Boiled down like that it sounds all right, but the execution is bungled so badly that I had this as my loss choice. On the nuts-and-bolts level, the sentence mechanics aren't great. The sentence "The boy showed a preternatural compassion and the captain wouldn't be around forever" should have a comma after compassion, since what follows is an independent clause. Pap/Pappa's nickname isn't consistent. You misspell choked. At one point you don't capitalize the first word of a dialogue sentence; elsewhere you put a comma outside a closing quotation mark. Multiple people speak in the first paragraph of the third section. Frieda becomes "the Frieda" in Section Seven.

More aggravating is the device of Pap's allegory. The story skims over it and counts on Jerry's questions to draw an outline. This feels like a way for you to avoid having to come up with an allegory that makes sense, because the bits we see do not. There are two bird kingdoms. They fight. Then one bird kingdom attacks a place where the birds of the other kingdom learn to fly. They see baby birds on the ground and... eat them? Is that what Pap went with? I understand Jerry's confusion. The line about an uncontrolled blaze doesn't go with birds at all.

Worse yet, arguably, is all the back-and-forth between 1945 and the present. The present-day scenes interrupt the Dresden scenes; there's at least one too many, probably two. Imagine the story if you cut Section Three and Section Five. You might want to work the point that "someone telling you to do something isn't always a good reason to do it" in somewhere else, but the rest is chaff. If you lost those sections' details about Pap's bird story, you might get away with the allegory schtick. Vagueness would be an improvement in this case.

I would suggest losing the entire frame and setting the whole story in Gerald Murphy's viewpoint during the war, except the thump of his dogtags on his old chest is a startlingly perfect finish. It echoes the thumps during the bombing, and more than that, it tells me that either he's still a soldier for all his soul-searching, he wears them to remind himself of what he did, or both.


docbeard, "Men Over Mission"
Song: "E-Bow the Letter"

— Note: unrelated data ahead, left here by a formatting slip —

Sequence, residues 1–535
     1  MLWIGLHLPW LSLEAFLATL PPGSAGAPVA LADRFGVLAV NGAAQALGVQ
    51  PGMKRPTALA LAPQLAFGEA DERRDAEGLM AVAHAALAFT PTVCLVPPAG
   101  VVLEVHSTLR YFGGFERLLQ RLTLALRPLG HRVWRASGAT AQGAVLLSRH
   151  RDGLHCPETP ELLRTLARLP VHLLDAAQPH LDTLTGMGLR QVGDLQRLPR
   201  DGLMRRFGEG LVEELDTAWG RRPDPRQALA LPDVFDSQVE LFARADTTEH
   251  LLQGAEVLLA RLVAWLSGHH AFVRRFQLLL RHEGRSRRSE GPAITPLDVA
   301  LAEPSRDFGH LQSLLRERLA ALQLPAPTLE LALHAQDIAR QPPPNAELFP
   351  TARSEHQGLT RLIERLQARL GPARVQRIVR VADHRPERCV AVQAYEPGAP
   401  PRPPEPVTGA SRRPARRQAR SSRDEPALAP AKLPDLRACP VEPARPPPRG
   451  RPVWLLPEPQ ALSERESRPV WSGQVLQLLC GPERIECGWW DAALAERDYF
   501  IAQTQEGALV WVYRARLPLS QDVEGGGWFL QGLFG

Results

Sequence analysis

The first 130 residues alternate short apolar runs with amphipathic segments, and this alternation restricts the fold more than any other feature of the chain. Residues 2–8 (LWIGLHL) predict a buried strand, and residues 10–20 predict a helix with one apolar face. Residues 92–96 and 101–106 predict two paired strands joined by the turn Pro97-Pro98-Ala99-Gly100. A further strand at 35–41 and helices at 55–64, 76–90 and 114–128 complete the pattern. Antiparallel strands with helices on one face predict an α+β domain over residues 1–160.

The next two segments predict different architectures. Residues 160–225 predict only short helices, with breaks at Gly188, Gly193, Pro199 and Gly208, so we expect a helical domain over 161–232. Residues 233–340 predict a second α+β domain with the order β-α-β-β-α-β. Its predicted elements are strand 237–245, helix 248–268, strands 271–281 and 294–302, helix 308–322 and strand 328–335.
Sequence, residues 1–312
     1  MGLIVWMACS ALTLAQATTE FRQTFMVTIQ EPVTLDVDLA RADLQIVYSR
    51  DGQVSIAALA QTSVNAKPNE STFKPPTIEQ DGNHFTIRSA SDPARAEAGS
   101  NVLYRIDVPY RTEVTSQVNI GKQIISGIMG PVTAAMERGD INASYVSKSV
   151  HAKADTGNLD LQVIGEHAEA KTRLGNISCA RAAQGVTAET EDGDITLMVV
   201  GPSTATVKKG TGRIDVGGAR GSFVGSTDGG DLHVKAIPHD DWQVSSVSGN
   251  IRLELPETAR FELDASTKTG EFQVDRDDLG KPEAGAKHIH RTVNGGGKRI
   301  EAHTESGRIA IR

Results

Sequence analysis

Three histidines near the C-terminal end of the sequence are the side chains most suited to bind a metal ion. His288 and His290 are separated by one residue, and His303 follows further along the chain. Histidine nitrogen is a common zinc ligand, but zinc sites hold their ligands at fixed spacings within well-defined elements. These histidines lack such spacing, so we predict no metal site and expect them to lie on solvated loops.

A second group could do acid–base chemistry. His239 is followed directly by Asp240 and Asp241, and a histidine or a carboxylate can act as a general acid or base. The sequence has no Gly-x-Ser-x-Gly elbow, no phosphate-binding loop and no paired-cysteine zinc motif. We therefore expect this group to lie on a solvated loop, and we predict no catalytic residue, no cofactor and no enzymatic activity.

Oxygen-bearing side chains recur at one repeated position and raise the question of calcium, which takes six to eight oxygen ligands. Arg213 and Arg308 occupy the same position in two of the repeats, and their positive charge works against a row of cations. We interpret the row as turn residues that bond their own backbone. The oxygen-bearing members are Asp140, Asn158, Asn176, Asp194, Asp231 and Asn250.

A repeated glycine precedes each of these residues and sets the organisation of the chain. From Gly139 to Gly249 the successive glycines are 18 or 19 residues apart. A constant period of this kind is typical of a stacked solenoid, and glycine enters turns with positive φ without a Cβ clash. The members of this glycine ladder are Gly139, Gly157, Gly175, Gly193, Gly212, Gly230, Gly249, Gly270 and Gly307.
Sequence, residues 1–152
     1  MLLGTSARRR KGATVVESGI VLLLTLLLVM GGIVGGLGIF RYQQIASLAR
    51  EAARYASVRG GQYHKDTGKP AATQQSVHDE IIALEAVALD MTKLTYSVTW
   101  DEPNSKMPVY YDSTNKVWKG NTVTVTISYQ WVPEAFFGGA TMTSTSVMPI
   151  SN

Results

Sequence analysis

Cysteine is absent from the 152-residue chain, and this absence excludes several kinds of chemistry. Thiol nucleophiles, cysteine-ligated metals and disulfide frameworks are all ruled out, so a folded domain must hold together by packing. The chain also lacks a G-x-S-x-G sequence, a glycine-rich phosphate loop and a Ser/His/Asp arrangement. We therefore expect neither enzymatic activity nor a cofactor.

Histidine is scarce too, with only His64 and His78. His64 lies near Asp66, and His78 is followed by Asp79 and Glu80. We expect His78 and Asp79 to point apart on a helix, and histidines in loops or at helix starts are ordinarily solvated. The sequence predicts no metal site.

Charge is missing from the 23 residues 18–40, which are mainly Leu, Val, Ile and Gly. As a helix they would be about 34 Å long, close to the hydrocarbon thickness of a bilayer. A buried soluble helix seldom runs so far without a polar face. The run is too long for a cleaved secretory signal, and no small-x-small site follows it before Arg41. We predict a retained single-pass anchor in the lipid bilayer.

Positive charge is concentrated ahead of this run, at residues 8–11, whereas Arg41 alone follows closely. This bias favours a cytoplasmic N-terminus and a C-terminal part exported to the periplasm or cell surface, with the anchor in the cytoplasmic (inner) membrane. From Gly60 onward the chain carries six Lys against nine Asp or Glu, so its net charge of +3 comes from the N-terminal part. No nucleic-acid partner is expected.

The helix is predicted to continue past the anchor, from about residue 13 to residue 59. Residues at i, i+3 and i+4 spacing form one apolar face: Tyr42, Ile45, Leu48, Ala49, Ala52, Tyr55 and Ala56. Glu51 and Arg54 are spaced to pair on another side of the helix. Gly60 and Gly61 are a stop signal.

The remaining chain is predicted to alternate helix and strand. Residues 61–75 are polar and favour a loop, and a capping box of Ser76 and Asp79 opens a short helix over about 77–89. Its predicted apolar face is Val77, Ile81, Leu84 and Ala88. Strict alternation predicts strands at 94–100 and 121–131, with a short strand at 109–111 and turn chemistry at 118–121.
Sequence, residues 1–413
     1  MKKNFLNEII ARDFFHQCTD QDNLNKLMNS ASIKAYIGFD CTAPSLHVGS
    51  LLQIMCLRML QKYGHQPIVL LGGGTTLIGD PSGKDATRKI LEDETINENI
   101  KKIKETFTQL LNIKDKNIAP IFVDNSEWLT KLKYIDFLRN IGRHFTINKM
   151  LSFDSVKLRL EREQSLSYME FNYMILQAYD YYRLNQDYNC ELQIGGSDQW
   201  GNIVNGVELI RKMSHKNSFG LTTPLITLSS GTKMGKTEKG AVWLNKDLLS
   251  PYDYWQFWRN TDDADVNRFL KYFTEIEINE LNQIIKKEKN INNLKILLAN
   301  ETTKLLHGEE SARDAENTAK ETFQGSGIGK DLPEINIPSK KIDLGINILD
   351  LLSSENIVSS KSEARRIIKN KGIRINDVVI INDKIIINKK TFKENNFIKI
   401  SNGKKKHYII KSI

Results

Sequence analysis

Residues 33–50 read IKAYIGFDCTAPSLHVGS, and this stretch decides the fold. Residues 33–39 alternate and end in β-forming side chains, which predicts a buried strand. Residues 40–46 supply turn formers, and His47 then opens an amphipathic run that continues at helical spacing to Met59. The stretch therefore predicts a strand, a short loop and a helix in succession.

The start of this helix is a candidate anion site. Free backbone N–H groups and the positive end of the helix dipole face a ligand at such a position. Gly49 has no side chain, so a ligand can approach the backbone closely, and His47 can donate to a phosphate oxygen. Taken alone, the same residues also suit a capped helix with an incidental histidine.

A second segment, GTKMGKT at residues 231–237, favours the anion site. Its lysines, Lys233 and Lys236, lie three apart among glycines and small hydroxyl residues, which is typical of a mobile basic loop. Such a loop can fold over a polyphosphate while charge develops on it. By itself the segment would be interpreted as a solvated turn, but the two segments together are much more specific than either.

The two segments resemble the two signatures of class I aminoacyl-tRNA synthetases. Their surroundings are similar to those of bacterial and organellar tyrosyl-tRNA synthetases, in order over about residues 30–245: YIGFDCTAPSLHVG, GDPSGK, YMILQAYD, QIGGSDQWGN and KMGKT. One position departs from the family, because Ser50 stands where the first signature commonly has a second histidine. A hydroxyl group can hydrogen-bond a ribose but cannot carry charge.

Kai's Song Notes: If I'm anywhere close to right, this song is one celebrity talking to another. An experienced star warning a new one? Maybe. He's jaded about the drugs, a little frightened by the fans, familiar with that fear and probably plenty more. Stars, sorrow, fear, adrenaline, marks of success, and aversion all put in appearances.

The connection: Fear, adrenaline, and sorrow are present, and I can see Jason as an experienced star/gang member talking to newbie Mike if I squint, but the link isn't terribly strong.

The outsider: Mike isn't yet a member of Cassie's crew. Whatever he's done to get that money in his backseat is his initiation trial.

Are you sure you didn't mean to submit this in the previous week? I was fine with it on my first read until Jason started coughing out exposition and I realized I was trapped in a bog of chatter. It has the classic problems of an 85%-dialogue story: the exposition isn't smooth. Not much other than talking happens. The situation is ill defined; I haven't a clue what Cassie and her crew do, what Reyes wants, why Jason is dying, or how a couple of vets ended up working for a gang. I like Jason and I regret his solution to Mike's problem, but since I don't have a firm grasp on that problem--or on Mike, for that matter; he's all but blank--his death doesn't cut very deep.


hotsoupdinner, "Miracle"
Song: "New Test Leper"

Kai's Song Notes: I read this as a performer reflecting on the judgmental nature of an audience. To his critics, he's deformed and contemptible. The cameras don't respect him. The other celebrities he encounters have become jaded and scarred. I'm not inclined to call him a leper for that, but the song does paint a sort of picture of being shunned and outcast, making this another easy draw.